Brown Shoe’s Baggaley Brothers Drink, Dance, Make Music and Actually Really Get Along
The origins of the band Brown Shoe stem from just outside the barbed wire fences of the Folsom prison. The members, all brothers, grew up so close to the prison that they fondly remember playing a game where they would see who could run closest to the barbed wire fence until the guards released warning shots. Ryan Baggaley, the self-proclaimed winner of this ballsy game, and older brother of the Brown Shoe clan, had plenty to say in a recent interview about brotherly love, X Street and being subtly bitter.
Brown Shoe formed almost 10 years ago as a mixture of friends and a couple of the Baggaley brothers. As time progressed, friends dropped out and were replaced with more Baggaleys. The final lineup consists of Ryan on vocals and guitar, Bryson on bass and drums, Aaron on keys and guitar and Landon on drums. The group is also known as “The nicest pack of bastards you will ever meet! Except not really, because we all know our dad—and have the same one!” according to their bio. A shared music nostalgia of Tom Petty and early ‘90s grunge (that has probably trickled down from brother to brother) influences the style of the band.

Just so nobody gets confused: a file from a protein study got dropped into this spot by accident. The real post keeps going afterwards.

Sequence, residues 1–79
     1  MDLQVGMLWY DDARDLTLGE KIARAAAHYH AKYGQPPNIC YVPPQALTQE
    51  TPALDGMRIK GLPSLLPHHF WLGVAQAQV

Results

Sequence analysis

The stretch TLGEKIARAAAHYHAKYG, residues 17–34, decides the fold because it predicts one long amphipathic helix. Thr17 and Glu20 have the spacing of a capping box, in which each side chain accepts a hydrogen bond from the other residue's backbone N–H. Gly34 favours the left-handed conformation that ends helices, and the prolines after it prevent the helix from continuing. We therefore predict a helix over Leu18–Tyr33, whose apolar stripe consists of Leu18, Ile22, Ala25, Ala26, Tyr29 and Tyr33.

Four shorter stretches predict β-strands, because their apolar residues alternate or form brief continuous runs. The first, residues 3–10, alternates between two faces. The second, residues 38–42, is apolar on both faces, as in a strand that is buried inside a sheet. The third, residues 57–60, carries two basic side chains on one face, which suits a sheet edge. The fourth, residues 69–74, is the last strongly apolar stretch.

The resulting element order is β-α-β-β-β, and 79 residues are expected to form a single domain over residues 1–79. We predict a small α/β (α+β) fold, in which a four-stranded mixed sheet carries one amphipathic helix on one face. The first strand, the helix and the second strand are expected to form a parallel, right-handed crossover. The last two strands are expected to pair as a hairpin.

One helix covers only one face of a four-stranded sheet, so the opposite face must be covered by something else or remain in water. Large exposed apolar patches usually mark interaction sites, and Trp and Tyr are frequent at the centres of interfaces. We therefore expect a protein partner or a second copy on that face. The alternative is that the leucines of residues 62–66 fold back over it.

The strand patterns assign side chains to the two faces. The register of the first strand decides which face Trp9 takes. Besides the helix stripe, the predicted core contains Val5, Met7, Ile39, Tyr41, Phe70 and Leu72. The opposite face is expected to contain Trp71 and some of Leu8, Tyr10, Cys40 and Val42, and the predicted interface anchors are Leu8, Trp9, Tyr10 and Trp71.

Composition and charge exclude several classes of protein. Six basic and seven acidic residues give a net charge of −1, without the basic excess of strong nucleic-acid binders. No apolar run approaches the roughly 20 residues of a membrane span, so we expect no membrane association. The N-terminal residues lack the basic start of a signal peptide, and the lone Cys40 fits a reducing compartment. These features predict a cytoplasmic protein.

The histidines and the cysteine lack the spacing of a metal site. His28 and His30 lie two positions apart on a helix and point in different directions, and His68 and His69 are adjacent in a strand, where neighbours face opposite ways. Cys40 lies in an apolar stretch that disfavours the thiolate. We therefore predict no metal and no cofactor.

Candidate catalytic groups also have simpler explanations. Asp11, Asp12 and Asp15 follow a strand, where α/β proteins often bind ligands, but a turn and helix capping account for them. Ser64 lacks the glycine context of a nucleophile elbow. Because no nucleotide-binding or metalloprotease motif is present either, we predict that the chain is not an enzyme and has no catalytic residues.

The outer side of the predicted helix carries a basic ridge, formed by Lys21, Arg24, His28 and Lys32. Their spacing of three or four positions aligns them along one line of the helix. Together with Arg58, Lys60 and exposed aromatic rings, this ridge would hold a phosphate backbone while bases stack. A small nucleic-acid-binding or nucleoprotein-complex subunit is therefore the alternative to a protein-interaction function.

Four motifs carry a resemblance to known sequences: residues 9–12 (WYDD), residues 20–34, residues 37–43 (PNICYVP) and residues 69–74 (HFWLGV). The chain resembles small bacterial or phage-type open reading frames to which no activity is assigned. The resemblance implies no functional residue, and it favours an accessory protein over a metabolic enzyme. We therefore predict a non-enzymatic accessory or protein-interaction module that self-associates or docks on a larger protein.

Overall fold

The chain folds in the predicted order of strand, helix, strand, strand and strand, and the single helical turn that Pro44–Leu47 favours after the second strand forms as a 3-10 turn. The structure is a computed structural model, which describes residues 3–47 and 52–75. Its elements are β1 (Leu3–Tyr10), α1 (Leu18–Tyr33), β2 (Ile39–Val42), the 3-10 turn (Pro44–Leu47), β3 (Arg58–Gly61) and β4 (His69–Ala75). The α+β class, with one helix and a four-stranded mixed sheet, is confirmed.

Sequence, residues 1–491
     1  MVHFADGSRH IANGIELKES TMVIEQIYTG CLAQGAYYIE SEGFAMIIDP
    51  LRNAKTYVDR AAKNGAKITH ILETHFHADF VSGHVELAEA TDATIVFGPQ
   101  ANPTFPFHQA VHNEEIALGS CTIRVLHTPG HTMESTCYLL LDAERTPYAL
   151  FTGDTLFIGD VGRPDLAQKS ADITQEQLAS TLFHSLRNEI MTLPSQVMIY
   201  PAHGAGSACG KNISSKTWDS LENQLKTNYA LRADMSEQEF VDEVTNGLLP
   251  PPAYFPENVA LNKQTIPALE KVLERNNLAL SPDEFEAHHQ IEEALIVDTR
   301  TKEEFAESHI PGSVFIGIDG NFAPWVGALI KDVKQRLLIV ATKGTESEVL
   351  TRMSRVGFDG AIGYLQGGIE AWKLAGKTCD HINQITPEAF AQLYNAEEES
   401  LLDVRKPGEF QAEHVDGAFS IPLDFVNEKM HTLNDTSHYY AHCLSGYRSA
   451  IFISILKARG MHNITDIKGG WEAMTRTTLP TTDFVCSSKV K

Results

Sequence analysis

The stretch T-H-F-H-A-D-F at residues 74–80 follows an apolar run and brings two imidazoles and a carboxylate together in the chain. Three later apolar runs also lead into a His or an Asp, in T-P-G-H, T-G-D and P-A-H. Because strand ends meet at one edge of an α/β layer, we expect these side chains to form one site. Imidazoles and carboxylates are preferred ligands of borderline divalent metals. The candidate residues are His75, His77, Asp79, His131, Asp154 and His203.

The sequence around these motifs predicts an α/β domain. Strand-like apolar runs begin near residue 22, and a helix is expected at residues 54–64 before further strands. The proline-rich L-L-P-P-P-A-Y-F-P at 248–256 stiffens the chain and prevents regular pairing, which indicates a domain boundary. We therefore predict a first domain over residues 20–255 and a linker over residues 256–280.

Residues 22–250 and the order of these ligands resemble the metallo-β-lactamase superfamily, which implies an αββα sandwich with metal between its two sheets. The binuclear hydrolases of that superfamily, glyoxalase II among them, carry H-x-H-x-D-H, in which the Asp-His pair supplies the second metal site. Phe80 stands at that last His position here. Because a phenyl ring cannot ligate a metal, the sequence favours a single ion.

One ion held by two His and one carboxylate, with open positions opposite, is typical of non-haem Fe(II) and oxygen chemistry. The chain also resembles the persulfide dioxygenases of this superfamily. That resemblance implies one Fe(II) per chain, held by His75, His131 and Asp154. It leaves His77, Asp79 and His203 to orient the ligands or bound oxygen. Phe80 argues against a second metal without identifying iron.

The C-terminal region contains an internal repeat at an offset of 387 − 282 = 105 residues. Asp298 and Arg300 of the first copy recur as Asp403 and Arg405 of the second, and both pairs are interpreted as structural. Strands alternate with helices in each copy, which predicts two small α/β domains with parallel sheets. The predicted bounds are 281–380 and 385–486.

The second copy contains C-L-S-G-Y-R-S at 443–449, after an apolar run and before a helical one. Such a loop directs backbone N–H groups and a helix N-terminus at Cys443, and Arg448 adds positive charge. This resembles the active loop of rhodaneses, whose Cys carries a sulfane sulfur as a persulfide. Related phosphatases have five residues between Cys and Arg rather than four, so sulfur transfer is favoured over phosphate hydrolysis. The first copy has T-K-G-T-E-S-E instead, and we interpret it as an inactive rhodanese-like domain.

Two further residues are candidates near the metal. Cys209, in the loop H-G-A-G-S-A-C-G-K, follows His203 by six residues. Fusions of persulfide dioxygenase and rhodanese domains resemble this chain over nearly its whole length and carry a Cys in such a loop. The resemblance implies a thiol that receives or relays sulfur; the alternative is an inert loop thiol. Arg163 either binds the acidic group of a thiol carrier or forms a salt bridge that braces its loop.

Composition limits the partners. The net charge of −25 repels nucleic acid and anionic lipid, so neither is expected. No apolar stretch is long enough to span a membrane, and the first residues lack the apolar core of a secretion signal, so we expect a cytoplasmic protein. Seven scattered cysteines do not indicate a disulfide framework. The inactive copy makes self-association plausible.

“We have a strong lean toward rock ‘n’ roll atmospherics. We aim for cleanliness and rhythm until climax,” says Ryan. “I love the suspense of suspending music until it just explodes.”
When asked about describing his music and the process of songwriting, Ryan says that music is often bogged down with the conformity of process. “We don’t walk into the studio with intentions. Someone will say ‘Hey, I wrote this song, let’s build on it and see what we can do,’ and then we sort of just feel it out. I like that we don’t bog the vibe down by making anyone explain what the song is about. We know a little bit, but then we just try to essentially get the same rhythm and sounds. There’s no need for discussion about it.”